Who Are Italy's Five Star Movement? Populist Party Could Be Biggest After Elections

Updated | The Italian Five Star Movement (M5S) is expected to emerge from the country’s general election as the largest single party in the lower house, as early results point to a hung parliament.

No group seems to have done enough to win the 316 seats needed for a parliamentary majority, meaning negotiations will begin between them to form a coalition capable of governing Europe’s third largest economy.

The anti-establishment, populist M5S is on course to win 216-236 seats when all results are in, having taken around 31.6 percent of the vote.

GettyImages-927192728 Italian election Ballot papers are displayed in the poll station on March 4, 2018 in Milan, Italy Pier Marco Tacca/Getty Images

Four-time prime minister Silvio Berlusconi’s right-wing coalition—led by his Forza Italia party—is expected to secure 248-268 seats after receiving around 37 percent of the vote. The group includes the anti-immigration and anti-EU far-right Brothers of Italy and the Northern League.

The Northern League was actually the most successful group in the coalition, receiving 18.2 percent of votes cast compared to Forza Italia’s 13.8 percent. Leader Matteo Salvini, whose slogan is “Italians first,” has promised to deport 100,000 migrants each year.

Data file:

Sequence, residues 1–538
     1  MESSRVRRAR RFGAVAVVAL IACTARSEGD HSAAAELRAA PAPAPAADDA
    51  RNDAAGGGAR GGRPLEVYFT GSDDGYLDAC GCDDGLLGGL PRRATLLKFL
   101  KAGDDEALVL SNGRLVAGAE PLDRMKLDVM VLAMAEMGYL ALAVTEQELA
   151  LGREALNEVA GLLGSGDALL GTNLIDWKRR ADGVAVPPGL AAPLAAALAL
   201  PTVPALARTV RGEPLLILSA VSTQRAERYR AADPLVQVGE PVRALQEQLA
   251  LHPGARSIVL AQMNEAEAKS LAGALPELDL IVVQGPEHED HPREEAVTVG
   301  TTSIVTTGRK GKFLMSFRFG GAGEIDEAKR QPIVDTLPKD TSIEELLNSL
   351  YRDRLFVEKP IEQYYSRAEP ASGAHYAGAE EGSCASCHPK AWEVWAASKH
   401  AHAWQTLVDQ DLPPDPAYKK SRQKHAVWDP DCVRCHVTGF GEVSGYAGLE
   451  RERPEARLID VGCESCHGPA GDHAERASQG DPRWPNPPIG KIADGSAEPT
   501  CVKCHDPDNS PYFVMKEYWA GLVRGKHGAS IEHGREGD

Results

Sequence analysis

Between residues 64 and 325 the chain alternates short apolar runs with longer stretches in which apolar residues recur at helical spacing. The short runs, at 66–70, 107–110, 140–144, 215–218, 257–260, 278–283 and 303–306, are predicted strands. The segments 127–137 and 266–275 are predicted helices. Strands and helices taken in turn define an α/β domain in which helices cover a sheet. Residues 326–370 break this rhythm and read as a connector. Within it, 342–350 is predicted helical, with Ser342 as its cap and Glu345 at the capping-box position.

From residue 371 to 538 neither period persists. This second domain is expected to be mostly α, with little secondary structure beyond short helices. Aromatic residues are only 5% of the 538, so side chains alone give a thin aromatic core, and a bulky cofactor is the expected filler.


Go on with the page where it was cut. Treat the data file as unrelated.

This could be especially significant given reports that the winner between the Northern League and Forza Italia parties will select the right-wing coalition's choice for the next prime minister.

Former prime minister Matteo Renzi's ruling Democratic Party received only 19.1 percent of the vote and will take 107-127 seats. The party has never before failed to win at least 20 percent, marking this election as a clear defeat for the center-left and a possible end to Renzi's leadership.

Results for the senate, the upper house of the Italian parliament, were also encouraging for populists and the right-wing, though no party will have enough seats to have a majority. M5S will take 102-122 seats, Berlusconi’s coalition 118-150, and Renzi’s Democratic Party just 42-54.

GettyImages-927099424 Luigi Di Maio Five Star Movement An electoral manifesto of Five Star Movement leader Luigi Di Maioi is displayed in Florence, Italy, during voting Laura Lezza/Getty Images

M5S was formed in in 2009 by a comedian, Beppe Grillo, and web strategist Gianroberto Casaleggio. It is now led by 31-year-old Luigi Di Maio.

The party pulls together policies from across the political spectrum giving it a broad appeal among the electorate. High migration, a stuttering economy and persistent unemployment were key battlegrounds in this election, allowing populist and fringe parties to elbow aside their establishment rivals by offering new and radical solutions.

M5S's desire to distribute asylum seekers across the EU appeals to voters who are unhappy that Italy has taken in around 600,000 migrants over the last four years. Di Maio has also said he would put an end to naval migrant rescue missions in the Mediterranean, which he calls a “sea taxi service.”